For millions of people struggling with mental illness, psychedelic-assisted therapy could have an incredibly profound impact. However, the medical community is still working to discover how entheogens such as shrooms, LSD, and DMT actually affect the brain. For Canadian psychedelic life sciences company Cybin, the answers may lie in a helmet.
Cybin has entered into a partnership with Los Angeles-based neurotech company Kernel to leverage its breakthrough non-invasive wearable brain-imaging device—known as the Flow—for use in clinical trials. Cybin hopes to utilize the technology in the development of their psilocybin products meant to treat Major Depressive Disorder.
The Flow helmet is a cutting-edge neuroimaging system that provides real-time access to brain activity. The near-infrared spectroscopy system measures cognitive and neurologic activity during a psychedelic trip using “cortical hemodynamics to establish precise patterns of brain activity.”
In layman’s terms, light pulses from over 1,000 sensors across the helmet bounce off the brain to detect changes in blood flow. This information could be crucial to the advancement of effective psychedelic therapies as it will truly allow researchers to map a trip as it happens.
“Access to Kernel’s innovative Flow technology adds another exciting dimension to the investigative work that Cybin is doing to develop breakthrough treatments for mental health disorders,” said Doug Drysdale, CEO of Cybin, in a press release.
“Currently, clinical investigators rely on limited subjective information from patients,” he continued. “The ability to collect quantitative data from our sponsored drug development programs is potentially game-changing in terms of our ability to measure where psychedelics work in the brain in real-time, and how we ultimately design our future therapeutics.”
In layman’s terms, light pulses from over 1,000 sensors across the helmet bounce off the brain to detect changes in blood flow. This information could be crucial to the advancement of effective psychedelic therapies.
The Flow helmet has already been used in a wide range of scientific studies covering topics from pain quantification to traumatic brain injury. Kernel founder and CEO Bryan Johnson, the tech guru behind Venmo, wanted his newest venture to continue to make an impactful change for generations to come.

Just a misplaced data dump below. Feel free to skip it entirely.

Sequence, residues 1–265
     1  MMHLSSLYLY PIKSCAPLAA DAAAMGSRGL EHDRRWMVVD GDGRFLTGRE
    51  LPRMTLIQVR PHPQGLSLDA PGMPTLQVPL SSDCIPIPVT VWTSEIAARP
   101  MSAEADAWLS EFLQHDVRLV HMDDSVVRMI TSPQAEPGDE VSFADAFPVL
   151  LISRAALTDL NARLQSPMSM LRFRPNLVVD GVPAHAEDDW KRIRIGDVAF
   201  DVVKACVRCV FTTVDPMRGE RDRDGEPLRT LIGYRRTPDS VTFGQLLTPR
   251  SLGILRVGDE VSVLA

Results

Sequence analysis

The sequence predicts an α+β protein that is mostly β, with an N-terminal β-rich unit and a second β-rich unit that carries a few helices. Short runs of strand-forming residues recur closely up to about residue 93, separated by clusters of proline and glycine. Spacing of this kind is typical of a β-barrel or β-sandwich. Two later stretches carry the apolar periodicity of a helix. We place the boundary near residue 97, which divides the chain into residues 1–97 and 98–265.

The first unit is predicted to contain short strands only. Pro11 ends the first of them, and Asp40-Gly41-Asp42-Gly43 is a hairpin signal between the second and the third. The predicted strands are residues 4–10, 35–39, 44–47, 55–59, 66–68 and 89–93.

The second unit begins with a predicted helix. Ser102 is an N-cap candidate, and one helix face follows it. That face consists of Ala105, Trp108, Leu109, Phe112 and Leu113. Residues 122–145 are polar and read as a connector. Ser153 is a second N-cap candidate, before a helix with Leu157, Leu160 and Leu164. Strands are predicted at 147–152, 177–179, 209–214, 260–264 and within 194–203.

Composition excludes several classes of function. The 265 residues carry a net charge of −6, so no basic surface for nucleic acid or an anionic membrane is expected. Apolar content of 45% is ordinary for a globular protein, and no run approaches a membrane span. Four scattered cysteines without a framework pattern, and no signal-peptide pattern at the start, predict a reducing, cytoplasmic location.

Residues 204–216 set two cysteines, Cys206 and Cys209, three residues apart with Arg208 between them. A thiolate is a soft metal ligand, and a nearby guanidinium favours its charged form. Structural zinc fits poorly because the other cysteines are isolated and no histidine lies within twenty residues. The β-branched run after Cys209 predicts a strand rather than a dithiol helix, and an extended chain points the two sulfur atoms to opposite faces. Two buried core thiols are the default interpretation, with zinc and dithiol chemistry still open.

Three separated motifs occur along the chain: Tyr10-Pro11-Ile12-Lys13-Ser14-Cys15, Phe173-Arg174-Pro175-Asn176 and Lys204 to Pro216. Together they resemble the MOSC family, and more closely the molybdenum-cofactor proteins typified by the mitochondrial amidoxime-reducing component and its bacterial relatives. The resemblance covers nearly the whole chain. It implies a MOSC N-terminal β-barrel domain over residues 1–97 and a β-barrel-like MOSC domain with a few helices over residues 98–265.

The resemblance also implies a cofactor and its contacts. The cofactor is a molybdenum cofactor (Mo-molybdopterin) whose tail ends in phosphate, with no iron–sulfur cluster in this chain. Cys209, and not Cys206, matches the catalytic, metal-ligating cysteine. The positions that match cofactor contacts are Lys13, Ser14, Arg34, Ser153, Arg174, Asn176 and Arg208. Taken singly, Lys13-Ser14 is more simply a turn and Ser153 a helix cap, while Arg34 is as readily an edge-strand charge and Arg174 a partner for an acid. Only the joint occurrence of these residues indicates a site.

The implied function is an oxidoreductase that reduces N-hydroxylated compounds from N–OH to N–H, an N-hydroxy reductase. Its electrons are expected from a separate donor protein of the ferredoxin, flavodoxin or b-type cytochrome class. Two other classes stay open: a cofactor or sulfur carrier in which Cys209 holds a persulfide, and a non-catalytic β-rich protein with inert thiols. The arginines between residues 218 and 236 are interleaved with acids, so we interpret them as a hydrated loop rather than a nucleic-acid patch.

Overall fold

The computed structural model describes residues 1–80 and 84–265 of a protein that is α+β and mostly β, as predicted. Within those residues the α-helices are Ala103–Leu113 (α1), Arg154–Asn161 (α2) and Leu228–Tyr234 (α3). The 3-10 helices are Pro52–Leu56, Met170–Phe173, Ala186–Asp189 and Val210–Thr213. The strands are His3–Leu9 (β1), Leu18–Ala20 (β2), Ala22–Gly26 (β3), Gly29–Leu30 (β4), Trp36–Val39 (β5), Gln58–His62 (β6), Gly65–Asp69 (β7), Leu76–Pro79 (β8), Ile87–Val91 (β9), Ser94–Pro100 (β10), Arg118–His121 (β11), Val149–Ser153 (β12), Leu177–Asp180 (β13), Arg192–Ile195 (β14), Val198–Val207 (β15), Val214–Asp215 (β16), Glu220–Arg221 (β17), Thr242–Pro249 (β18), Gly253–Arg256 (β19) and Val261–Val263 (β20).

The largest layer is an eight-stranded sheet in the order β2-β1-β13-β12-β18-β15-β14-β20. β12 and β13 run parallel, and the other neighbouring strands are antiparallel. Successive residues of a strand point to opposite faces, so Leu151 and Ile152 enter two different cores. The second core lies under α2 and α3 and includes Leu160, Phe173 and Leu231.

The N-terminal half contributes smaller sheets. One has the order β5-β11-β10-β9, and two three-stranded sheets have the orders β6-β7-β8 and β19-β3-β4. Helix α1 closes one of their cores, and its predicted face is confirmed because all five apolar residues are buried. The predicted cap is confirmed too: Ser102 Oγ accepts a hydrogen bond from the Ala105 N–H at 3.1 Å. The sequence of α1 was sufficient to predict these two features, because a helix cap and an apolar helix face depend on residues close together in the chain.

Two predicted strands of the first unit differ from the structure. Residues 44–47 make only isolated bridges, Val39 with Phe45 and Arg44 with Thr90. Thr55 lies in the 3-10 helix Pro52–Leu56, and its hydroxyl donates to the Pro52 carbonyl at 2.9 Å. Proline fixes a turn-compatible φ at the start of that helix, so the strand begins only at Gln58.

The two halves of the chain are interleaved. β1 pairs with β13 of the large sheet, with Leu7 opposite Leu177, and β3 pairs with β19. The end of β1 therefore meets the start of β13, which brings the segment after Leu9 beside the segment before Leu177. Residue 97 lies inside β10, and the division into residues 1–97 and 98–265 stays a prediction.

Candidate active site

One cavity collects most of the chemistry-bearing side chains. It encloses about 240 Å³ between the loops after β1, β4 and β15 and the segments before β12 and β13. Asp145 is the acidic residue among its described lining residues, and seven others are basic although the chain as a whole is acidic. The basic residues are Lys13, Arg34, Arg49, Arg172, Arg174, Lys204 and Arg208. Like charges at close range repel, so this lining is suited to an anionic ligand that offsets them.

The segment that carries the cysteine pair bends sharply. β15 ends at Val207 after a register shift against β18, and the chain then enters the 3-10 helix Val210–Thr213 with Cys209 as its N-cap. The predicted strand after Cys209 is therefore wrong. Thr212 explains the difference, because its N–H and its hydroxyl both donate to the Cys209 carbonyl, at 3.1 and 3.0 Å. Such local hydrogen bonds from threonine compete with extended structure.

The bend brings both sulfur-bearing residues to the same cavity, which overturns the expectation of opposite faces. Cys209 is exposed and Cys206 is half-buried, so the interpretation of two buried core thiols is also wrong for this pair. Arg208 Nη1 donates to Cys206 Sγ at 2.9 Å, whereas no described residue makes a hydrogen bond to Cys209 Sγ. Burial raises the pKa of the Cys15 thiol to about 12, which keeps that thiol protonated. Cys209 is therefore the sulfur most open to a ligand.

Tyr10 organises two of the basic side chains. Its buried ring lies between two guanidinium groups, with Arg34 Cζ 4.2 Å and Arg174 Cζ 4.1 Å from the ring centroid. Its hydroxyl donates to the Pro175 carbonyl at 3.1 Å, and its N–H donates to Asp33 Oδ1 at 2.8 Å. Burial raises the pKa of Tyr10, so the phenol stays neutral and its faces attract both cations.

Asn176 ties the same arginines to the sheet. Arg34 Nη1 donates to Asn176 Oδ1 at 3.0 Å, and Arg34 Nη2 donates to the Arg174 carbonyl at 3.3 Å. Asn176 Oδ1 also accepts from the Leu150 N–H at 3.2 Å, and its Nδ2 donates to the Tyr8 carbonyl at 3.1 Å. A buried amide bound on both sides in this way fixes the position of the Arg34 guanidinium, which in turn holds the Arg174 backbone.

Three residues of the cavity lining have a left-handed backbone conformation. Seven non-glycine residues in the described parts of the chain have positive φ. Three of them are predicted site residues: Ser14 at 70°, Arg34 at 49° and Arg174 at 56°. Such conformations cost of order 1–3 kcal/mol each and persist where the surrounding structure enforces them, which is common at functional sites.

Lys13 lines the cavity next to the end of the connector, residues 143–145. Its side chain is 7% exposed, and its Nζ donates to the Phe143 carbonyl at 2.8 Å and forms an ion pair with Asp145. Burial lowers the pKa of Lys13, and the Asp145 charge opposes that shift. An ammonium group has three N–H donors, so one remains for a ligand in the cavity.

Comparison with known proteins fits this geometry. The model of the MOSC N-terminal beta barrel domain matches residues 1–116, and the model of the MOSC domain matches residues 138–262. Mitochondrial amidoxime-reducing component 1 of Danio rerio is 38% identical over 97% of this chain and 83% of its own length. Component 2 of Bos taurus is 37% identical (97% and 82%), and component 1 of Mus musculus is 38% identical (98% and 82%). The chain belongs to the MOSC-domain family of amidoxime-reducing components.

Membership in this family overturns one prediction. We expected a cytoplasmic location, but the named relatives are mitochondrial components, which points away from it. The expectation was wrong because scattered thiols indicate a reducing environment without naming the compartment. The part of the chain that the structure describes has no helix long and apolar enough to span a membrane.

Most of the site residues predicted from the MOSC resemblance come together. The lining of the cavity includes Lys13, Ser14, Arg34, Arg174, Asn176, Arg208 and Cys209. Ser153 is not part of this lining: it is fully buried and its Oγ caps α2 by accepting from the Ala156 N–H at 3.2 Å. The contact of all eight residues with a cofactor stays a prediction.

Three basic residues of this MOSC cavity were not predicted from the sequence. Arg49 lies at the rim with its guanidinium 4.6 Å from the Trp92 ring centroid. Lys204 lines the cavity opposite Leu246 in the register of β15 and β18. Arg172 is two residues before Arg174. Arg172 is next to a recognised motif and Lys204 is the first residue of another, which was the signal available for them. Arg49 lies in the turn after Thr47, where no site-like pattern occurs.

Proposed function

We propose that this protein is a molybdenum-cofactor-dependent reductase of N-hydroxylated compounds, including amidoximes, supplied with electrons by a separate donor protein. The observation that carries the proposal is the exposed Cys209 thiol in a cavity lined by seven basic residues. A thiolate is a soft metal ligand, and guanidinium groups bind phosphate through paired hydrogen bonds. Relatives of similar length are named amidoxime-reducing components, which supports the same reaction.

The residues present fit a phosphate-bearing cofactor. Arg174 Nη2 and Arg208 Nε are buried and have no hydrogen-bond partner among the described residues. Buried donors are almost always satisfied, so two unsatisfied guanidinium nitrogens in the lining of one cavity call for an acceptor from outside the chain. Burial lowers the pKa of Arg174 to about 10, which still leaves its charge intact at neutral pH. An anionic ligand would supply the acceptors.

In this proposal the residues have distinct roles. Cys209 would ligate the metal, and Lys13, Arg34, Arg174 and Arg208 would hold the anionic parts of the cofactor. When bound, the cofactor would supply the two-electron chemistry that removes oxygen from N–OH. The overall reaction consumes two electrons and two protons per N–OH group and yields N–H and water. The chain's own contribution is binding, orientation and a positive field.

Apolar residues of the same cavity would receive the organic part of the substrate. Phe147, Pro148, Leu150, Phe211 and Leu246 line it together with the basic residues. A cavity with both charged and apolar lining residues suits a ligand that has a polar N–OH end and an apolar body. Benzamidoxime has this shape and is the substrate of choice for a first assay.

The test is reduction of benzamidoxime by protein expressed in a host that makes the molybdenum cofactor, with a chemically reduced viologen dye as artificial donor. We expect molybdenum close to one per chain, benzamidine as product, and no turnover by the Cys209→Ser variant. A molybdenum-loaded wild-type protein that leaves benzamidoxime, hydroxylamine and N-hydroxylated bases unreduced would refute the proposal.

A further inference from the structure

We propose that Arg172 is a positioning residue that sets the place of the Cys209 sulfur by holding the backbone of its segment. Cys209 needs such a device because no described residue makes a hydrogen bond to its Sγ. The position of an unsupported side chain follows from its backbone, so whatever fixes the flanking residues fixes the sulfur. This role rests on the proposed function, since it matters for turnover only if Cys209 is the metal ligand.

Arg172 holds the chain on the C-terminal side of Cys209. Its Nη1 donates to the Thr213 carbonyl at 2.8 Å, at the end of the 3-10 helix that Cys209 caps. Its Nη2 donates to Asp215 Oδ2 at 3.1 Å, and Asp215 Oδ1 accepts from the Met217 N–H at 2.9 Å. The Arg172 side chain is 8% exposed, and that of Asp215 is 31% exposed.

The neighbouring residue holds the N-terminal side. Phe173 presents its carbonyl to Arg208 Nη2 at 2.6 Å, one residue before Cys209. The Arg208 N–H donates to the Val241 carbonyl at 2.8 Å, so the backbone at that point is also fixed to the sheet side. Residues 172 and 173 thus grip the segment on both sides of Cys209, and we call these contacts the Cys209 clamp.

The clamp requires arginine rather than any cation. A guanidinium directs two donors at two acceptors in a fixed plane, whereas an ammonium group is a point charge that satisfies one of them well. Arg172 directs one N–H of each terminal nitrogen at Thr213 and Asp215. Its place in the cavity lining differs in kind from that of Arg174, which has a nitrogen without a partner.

“Cybin’s visionary approach to understanding and treating mental illness through psychedelic therapeutics opens a new frontier for addressing human health and wellness,” he stated in the release.
The team at Kernel has lofty goals of bringing Flow to consumer households by the 2030s. Psychonauts in the near future could engage in their own scans from the comfort of their homes, comparing and contrasting the effects of various types of entheogens in order to truly dial in their journeys. After all, individual brain chemistry—and dose—may vary, making this information valuable to people inside and outside scientific settings. In the meantime, the Flow helmet will only be used for research and development purposes.
For Cybin, it could be a major game-changer in their quest to be among the first providers of psychedelic therapies. The publicly-traded company, founded in 2020, aims to be at the forefront of “a complete transformation in mental health care.” Despite being relatively new, Cybin has hit the ground running; the company acquired fellow psychedelic biopharmaceutical firm, Adelia, not long after its inception.
Psychedelic therapies are well on their way to becoming part of the mainstream, with the United States Food and Drug Administration (FDA) declaring psilocybin treatment to be “breakthrough therapy” in 2019 not once but two times, helping pave the way for trials in progress. An MDMA-assisted psychotherapy study received the same designation in 2017.
The race toward legal psychedelic treatments has biotechnology companies—and investors hungry for the next big thing—gearing up for what could be a multi-billion dollar industry within a few short years. But will space-age brain-scanning helmets be an obligatory part of your future trips? Time will only tell.
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